Night Hunting Proposed for Feral Swine and Coyotes
New Bern, NC – In recent years, there have been increased sightings of coyote and feral hogs in the state. This has prompted the NC Wildlife Resources Commission to propose year round nighttime hunting as a way to control their populations.
"After a little hunting pressure, they're both are fairly intelligent and they become nocturnal. "
Coastal Region Supervisor Robbie Norville says hunting for coyote and feral swine is already legal in North Carolina, but the proposal would allow hunting to take place after dark.
"the belief is that this would be just one more tool in the tool box for a landowner or farmer who is having a nucience problem. That they would be able to handle that problem with more than just what is now considered legal shooting hours, which is a half hour before sunrise and a half hour after sunset."
Norville adds the proposal would allow feral swine and coyote hunting on Sundays on private lands with archery equipment. Coyotes can be seen and even heard -- in and around the forests of eastern North Carolina. While coyotes are usually skittish, Norville says they aren't afraid to come into your yard looking for food.
"Typically, issues with coyotes are they've gotten into the chicken coop or they may have taken a small pet. Occasionally, but it's rare, we'll get a report of coyotes taking small livestock a calf or a goat or something like that but those are typically fairly rare."
The usual diet for coyotes includes birds, snakes, lizards, and squirrels. But Norville says it may occasionally hunt larger game.
"they also can be and we have not seen this so far but there are some current studies being carried out at Fort Bragg to look at the preditor/prey relationship between coyotes and white tail deer. As you know, white tail deer are our number one game animal in North Carolina and are responsible for generating somewhere between 300 and 500 million dollars a year in income to people in North Carolina. So it's important we learn about it."
Unlike coyotes, feral hogs cause major damage to crops.
"If you have any feral swine at all, you have a problem because they do so much damage."
In the United States, feral swine cause about 800 million dollars every year in crop loss, according to a 2004 Wildlife Damage study conducted by the University of Nebraska. The North Carolina Wildlife Resources Commission does not keep track of the agricultural loss caused by feral hogs. But Noville says they do keep gps coordinates of where the damage occurs on a national database.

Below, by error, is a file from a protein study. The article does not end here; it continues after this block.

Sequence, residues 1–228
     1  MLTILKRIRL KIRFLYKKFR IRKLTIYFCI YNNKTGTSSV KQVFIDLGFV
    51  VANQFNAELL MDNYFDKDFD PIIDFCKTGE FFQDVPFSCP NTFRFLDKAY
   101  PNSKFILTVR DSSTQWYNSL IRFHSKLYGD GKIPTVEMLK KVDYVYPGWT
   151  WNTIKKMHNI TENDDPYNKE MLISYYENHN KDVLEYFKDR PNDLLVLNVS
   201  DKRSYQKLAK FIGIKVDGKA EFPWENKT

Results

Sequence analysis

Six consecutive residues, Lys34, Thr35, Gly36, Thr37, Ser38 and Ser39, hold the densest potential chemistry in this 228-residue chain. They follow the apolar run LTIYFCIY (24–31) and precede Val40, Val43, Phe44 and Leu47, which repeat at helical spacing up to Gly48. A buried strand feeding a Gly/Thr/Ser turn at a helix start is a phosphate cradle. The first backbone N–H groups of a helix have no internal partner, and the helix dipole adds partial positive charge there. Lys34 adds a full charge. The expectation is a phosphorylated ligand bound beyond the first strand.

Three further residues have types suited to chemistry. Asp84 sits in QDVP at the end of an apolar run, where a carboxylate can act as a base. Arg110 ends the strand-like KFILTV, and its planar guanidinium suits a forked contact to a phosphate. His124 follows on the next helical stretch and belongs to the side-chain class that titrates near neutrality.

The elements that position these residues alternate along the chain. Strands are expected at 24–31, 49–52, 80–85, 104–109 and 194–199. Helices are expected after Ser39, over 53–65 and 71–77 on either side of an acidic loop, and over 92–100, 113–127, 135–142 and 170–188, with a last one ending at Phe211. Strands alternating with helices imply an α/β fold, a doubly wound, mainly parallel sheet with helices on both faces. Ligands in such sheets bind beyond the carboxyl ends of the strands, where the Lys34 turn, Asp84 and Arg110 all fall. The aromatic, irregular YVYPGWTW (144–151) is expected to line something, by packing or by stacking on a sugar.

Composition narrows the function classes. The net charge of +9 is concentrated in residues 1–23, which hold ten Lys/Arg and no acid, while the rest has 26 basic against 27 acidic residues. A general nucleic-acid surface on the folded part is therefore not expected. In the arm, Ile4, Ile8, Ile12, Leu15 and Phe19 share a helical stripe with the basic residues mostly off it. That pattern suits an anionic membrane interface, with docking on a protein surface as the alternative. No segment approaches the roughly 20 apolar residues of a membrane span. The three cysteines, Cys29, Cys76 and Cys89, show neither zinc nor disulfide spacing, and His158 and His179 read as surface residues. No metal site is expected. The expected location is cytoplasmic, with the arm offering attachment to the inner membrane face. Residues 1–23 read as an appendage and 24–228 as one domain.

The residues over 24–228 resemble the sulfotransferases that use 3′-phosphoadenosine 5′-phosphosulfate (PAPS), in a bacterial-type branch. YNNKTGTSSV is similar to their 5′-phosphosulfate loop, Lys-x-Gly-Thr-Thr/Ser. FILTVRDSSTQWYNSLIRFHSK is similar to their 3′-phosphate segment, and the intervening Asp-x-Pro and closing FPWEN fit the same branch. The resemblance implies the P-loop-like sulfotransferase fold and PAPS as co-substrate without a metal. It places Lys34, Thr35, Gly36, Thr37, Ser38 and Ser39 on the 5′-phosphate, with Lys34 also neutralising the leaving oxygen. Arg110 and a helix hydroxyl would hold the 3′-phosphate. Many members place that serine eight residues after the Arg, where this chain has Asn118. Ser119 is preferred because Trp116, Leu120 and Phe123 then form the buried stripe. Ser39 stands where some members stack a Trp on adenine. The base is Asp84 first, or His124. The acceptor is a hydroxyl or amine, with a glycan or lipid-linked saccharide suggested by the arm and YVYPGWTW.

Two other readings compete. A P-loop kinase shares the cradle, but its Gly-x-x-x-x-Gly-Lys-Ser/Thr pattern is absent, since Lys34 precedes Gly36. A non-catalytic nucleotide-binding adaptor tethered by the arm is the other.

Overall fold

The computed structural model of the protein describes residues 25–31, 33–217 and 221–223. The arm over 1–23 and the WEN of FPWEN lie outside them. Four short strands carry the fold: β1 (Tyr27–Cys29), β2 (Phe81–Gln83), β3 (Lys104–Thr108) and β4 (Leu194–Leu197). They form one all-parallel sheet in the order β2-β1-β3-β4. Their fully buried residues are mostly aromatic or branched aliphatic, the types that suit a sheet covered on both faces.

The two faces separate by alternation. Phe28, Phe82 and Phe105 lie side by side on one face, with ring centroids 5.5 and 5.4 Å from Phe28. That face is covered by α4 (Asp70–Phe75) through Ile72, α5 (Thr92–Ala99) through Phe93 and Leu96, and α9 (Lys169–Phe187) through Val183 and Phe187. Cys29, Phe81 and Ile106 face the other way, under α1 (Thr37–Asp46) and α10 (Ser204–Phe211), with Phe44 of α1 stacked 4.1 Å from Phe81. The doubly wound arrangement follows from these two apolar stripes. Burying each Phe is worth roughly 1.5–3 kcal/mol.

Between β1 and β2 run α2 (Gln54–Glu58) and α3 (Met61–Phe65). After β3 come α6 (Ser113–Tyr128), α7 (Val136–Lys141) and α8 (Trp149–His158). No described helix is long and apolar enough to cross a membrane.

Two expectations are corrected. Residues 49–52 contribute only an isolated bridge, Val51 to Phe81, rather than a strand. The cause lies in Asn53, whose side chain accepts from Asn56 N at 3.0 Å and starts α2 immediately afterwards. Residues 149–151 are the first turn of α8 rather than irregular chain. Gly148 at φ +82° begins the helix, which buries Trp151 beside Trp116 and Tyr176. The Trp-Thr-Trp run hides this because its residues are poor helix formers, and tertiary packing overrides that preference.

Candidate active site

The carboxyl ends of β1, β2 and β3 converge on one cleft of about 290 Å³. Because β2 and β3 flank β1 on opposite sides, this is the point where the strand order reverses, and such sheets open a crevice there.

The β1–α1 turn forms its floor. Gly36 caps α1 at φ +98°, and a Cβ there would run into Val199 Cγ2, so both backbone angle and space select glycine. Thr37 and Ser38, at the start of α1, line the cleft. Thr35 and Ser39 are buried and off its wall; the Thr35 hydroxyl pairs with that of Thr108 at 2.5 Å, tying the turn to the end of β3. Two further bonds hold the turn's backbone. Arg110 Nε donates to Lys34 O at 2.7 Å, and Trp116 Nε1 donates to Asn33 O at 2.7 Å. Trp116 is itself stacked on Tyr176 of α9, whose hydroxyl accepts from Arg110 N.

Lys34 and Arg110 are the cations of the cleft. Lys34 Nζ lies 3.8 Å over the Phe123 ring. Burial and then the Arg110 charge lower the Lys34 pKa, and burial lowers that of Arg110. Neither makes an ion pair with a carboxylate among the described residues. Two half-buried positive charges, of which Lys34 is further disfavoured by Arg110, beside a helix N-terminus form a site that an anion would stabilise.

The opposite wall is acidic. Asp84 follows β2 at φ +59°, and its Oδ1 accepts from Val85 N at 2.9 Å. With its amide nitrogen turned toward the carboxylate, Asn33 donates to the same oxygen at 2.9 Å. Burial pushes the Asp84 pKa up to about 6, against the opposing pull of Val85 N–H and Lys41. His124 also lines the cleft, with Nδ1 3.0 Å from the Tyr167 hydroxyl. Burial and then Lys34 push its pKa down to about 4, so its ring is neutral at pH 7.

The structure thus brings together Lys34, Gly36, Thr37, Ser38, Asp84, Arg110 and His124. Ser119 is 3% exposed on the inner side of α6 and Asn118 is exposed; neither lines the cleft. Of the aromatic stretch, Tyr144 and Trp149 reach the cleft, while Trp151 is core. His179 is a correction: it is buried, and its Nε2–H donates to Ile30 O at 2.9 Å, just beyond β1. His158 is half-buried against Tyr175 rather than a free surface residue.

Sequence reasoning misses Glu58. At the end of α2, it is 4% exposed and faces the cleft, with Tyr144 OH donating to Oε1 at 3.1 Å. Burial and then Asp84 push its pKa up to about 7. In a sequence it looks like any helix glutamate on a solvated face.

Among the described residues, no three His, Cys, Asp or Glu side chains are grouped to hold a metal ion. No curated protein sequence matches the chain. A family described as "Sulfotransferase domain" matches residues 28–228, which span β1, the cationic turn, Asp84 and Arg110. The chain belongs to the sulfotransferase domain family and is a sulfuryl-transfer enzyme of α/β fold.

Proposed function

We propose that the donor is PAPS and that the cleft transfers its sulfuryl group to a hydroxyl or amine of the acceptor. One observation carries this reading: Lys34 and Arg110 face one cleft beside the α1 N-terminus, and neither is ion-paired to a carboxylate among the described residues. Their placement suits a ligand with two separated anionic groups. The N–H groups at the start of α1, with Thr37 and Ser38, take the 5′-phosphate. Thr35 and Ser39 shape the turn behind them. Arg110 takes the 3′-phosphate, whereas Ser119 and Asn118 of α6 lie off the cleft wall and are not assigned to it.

"Usually when I get a crop damage report, it's in a corn field where the pigs have gone in and rooted up the corn, knocked the corn down, and eaten what corn in there. But they will also get in the rows where farmers have planted and root those rows up as well looking for food. They may also root up the seed once it has been planted."
And it's not just farmers. Norville says he's heard from a homeowner whose vegetable garden was destroyed. Feral hogs aren't native to eastern North Carolina or the United States for that matter. They were brought over on ships from early explorers as domestic livestock. Since they have no natural predators, it's believed that their populations have grown in North Carolina. That's based on an increase in sightings and reports of crop damage because Norville says there is no definitive way of conducting density estimates. If you suspect feral hogs have damaged your home garden or crops, Norville says
"(they) probably should start by calling district wildlife biologist to get a determination as to what is doing the damage. They are also our contact for the issuance of permits for shooting. The permit for trapping and night shooting of feral swine are currently available via our website, ncwildlife.org."
Next month, the North Carolina Wildlife Resources Commission will hold a series of five public meetings on the nighttime hunting proposal. The meetings held in eastern North Carolina take place March 26th at the Bladen county Courthouse in Elizabethtown... and March 28th at Pitt Community College in Greenville. For more information, go to the WRC's website we've provided a link on our homepage. For PRE, I'm Jared Brumbaugh.
For More Information on the Wildlife Resource Commission Meetings: